Choosing the Right STL Container: General Rules of Thumb

In a previous article, I provided an overview of the C++ standard container types. The variety of containers and the subtle differences between them can be overwhelming, especially to new developers. Let's take a look at some quick guidelines we can use to select the right container.

Think About Your Intentions

The most important aspect to consider when selecting a container type is what you intend to do with your object. You can learn a lot about the optimal usage of a container by reviewing which operations it supports and which operations are disabled.

Consider the interfaces you intend to utilize. Do you need a last-in-first-out (LIFO) data structure? Using a std::stack restricts the interfaces that you can use and clearly communicates your intentions to other developers and to future maintainers of your code. Utilizing a bare std::deque instead of a std::stack introduces the chance that future maintainers think operating on the front of the deque is acceptable.

However, the decision for which container to use does not only depend on the functionality offered by the container. You will also need to be aware of the efficiency of each type of container and member functions. This is especially true for sequence containers (vector, list, deque), which have various complexity tradeoffs with regards to element insertion, removal, and access.

General Rules of Thumb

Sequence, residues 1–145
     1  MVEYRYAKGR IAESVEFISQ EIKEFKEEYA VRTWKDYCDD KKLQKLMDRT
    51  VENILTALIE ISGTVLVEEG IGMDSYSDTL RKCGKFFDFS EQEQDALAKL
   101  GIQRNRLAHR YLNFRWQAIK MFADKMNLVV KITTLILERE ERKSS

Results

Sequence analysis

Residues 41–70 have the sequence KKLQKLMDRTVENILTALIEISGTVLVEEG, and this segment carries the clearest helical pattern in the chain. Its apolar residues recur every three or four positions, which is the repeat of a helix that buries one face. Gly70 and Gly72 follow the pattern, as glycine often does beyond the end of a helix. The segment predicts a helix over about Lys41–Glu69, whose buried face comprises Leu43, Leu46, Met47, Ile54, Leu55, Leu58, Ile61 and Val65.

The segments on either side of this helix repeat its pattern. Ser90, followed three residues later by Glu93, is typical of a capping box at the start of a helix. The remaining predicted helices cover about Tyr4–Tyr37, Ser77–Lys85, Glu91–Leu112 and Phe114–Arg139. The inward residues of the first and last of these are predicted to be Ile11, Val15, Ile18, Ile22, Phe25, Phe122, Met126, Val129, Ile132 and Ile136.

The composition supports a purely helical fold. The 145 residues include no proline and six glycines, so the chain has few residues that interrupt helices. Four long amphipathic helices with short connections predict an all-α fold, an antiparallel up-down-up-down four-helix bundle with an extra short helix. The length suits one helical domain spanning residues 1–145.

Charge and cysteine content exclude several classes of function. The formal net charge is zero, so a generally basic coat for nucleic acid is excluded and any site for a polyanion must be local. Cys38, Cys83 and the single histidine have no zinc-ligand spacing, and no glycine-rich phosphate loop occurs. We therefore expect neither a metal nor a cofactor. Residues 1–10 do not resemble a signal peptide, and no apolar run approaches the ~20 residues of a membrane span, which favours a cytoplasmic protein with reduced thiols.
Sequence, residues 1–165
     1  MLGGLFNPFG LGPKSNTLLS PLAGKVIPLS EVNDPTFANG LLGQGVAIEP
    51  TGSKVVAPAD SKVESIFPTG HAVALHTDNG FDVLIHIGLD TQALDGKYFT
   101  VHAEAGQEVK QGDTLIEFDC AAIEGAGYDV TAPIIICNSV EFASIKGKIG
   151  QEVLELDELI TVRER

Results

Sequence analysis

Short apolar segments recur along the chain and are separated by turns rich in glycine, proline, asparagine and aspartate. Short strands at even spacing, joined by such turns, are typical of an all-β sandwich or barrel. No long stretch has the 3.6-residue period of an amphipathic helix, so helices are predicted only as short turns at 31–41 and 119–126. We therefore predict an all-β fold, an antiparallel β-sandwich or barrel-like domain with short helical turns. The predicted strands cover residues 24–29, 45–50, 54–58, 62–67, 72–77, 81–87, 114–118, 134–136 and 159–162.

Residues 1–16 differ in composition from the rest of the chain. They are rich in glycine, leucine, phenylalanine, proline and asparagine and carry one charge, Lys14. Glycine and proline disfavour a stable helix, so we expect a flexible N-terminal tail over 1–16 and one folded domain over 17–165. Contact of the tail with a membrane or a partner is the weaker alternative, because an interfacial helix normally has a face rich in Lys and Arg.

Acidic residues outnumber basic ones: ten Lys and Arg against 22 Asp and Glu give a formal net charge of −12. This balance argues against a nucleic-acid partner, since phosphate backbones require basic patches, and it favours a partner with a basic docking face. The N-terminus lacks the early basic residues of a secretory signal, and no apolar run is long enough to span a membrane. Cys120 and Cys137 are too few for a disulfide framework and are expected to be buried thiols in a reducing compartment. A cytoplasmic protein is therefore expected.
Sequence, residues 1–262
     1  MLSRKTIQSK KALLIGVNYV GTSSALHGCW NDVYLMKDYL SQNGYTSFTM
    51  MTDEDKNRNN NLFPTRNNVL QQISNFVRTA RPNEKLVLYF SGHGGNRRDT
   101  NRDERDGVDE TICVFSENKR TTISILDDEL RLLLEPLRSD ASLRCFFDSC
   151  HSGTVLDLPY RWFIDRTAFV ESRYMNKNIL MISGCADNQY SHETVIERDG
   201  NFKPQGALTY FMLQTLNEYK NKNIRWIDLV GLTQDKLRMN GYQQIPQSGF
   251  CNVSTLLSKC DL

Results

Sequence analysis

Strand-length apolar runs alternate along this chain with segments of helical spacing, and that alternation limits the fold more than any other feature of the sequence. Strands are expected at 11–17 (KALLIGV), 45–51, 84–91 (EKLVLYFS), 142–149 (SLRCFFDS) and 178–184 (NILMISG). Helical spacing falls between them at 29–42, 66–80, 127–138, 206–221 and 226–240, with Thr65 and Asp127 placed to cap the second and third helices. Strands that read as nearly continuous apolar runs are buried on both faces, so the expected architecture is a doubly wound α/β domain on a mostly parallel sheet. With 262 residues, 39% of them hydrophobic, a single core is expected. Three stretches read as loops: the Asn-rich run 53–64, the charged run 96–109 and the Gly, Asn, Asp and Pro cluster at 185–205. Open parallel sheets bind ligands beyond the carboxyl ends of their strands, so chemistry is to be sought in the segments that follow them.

There are some general rules of thumb that will guide you through most situations:

  • Use sequential containers when you need to access elements by position
    • Use std:vector as your default sequential container, especially as an alternative to built-in arrays
    • If size is known in advance, use std::array instead of a built-in array
    • If you add or remove elements frequently at both the front and back of a container, use std::deque
    • Use a std::list (not std::deque) if you need to insert/remove elements in the middle of the sequence
    • Do not use std::list if you need random access to objects
    • Prefer std::vector over std::list if your system uses a cache
    • std::string is almost always better than a C-string
  • Use associative containers when you need to access elements by key
    • For key/value pair, default to std::unordered_map, or if element order matters, std::map
    • If you need multiple entries for the same key, use std::unordered_multimap, or if element order matters, std::multimap

Memory allocation may also be a factor in your decision. Here are the general rules of thumb for how the different sequential containers are storing memory:

  • std:vector, std::array, and std::string store memory contiguously and are compatible with C-style APIs
  • std::deque allocates memory in chunks
  • std::list allocates memory by node

A Note on std::list

After watching this talk by Bjarne Stroustrup (recommended in the comments), I was quite surprised to learn how inefficient linked lists are when compared to a std::vector on systems with caching. Since the memory is not stored contiguously, using a std::list increases the likelihood of cache misses significantly. Cache misses will cause poorer performance when compared to std::vector and its contiguous memory storage.

Many embedded systems do not utilize the cache, so in those situations std::list is still an acceptable choice. If you are relying on caching, consider std::vector instead of std::list.

Up Next

Next week we will take a detailed look at some of the tradeoffs for each sequential and associative container.

Further Reading